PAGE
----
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After his dad keels over on the front lawn and ends up
in the hospital, college student Jeffrey Beaumont heads back to his picture-perfect
hometown of Lumberton to provide family support. Walking home from the
hospital one day, he cuts through a meadow. There he spots something
nestled amidst the grasses; a closer look reveals that it’s a severed
human ear. Good citizen that he is, he promptly wraps it up and brings
it into the local police station, where the police chief thanks Jeffrey
for his help and sets out to investigate the matter. Jeffrey’s curiosity
is piqued; eager to find out if the police have made any progress, he
later shows up at the chief’s house hoping for an update. To Jeffrey’s
disappointment, the chief politely informs Jeffrey that it’s against
policy to discuss ongoing investigations with the public. As it turns
out, though, Jeffrey bumps into the chief’s daughter on his way out.
She’s a sweet high school student named Sandy, and she remembers that
Jeffrey used to go to her school. Her bedroom also happens to be above
her dad’s home office, and as a result, she’s overheard a few things
about the investigation that she shouldn’t have. In particular, she knows
a name’s been mentioned as a possible lead: local lounge singer Dorothy
Vallens. With Sandy’s help, Jeffrey tracks down Dorothy, who turns out
to be involved in dealings for more twisted and sinister than the fresh-faced
college boy could have ever imagined existed in his quaint and quiet
first time I watched Blue Velvet, ages ago now,
my reaction was pretty simple: I really didn’t like it all that much.
I’d been a huge Twin
Peaks fan, loved the funny-quirky characters and stylized-stiff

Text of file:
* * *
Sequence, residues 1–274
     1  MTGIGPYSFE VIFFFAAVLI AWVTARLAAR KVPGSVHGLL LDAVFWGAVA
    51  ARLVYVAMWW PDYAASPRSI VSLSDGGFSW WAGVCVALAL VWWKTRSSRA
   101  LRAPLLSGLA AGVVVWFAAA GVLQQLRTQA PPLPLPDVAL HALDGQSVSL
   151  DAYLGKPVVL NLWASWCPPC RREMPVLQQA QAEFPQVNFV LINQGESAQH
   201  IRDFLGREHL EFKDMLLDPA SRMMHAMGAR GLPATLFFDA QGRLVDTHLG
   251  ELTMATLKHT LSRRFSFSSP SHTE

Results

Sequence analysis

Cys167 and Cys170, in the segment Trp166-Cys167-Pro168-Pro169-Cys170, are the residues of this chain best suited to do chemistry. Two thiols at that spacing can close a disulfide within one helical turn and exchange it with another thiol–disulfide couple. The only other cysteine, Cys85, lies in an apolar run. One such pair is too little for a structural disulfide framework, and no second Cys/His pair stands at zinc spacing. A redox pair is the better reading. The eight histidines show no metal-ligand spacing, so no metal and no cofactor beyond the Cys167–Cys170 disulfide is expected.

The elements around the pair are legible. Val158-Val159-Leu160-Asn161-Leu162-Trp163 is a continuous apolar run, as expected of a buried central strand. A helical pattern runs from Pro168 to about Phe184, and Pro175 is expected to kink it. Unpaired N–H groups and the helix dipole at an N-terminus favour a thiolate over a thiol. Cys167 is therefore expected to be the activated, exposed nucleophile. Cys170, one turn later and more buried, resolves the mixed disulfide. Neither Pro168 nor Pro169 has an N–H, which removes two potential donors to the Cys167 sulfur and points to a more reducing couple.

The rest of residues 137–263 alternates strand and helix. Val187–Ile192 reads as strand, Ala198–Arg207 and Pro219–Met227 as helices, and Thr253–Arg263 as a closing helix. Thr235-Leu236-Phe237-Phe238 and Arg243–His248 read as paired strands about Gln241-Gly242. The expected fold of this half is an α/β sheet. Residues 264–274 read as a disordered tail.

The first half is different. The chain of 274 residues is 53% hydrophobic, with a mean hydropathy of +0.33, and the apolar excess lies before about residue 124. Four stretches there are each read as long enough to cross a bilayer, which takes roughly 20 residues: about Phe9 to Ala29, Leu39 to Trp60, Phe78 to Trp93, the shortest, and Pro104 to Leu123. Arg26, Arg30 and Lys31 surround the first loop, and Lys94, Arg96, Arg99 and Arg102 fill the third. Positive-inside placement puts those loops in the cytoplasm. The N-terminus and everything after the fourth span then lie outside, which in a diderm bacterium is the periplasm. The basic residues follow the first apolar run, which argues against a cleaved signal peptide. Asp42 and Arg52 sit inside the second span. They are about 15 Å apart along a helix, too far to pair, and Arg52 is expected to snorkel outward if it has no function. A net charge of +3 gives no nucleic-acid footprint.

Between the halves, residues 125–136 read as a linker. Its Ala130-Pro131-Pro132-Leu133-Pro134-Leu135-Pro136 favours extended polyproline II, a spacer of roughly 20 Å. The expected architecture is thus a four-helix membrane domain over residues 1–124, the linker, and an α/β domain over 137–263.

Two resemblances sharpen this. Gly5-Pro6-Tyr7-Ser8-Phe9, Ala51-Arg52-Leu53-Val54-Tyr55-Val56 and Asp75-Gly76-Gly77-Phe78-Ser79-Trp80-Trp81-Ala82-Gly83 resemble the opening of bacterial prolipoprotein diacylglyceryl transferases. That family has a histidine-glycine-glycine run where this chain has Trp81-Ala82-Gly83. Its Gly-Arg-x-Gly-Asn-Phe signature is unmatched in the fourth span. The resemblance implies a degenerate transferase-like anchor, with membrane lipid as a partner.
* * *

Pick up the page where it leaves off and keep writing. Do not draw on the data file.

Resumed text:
acting, found myself mesmerized by all that weird dialogue and dark
Blue Velvet had all this too, but it also made me
deeply, deeply uncomfortable. Its sadomasochistic sex scenes and
bizarre, not terribly
sympathetic leading lady (Isabella Rossellini as Dorothy) -- all
that freakiness made me squirm. It took a long time before I could
force myself to sit down and watch this supposed classic again. Whether
it was just that I was better prepared to be disturbed or just that
I’m a little older and no longer demand that all movies deliver barrels
of ha-has, this time around, Blue Velvet drew me
in. True, its subject matter makes it hard to watch, but its lush
aesthetic beauty means
you can’t take your eyes away no matter how much you might think
you want to. And this, of course, is the point: the superficial pleasantness
of suburbia has never been stripped away in quite so memorable and
vivid a manner. In Blue Velvet, Lynch makes us look
beyond the immaculate green lawns and apple-cheeked smiling neighbors,
and question what
all that bland niceness might be hiding. He and his fine cast – notably
a positively scary-loony Dennis Hopper and a campily wonderful Dean
Stockwell – do such a good job of getting us to dig beneath the surface
that by film’s end, it’s those flawless lawns that start to look
a little creepy: they’re so manicured, so fake, in their perfect
prettiness. A lazy popcorn flick this certainly isn’t, but there’s
no question: Blue Velvet offers a truly different
take on the same-old tired murder mystery genre, and serves up a
of small-town romanticism on the side.—reviewed
by Yee-Fan Sun
lounge . nourish
. host .
. home .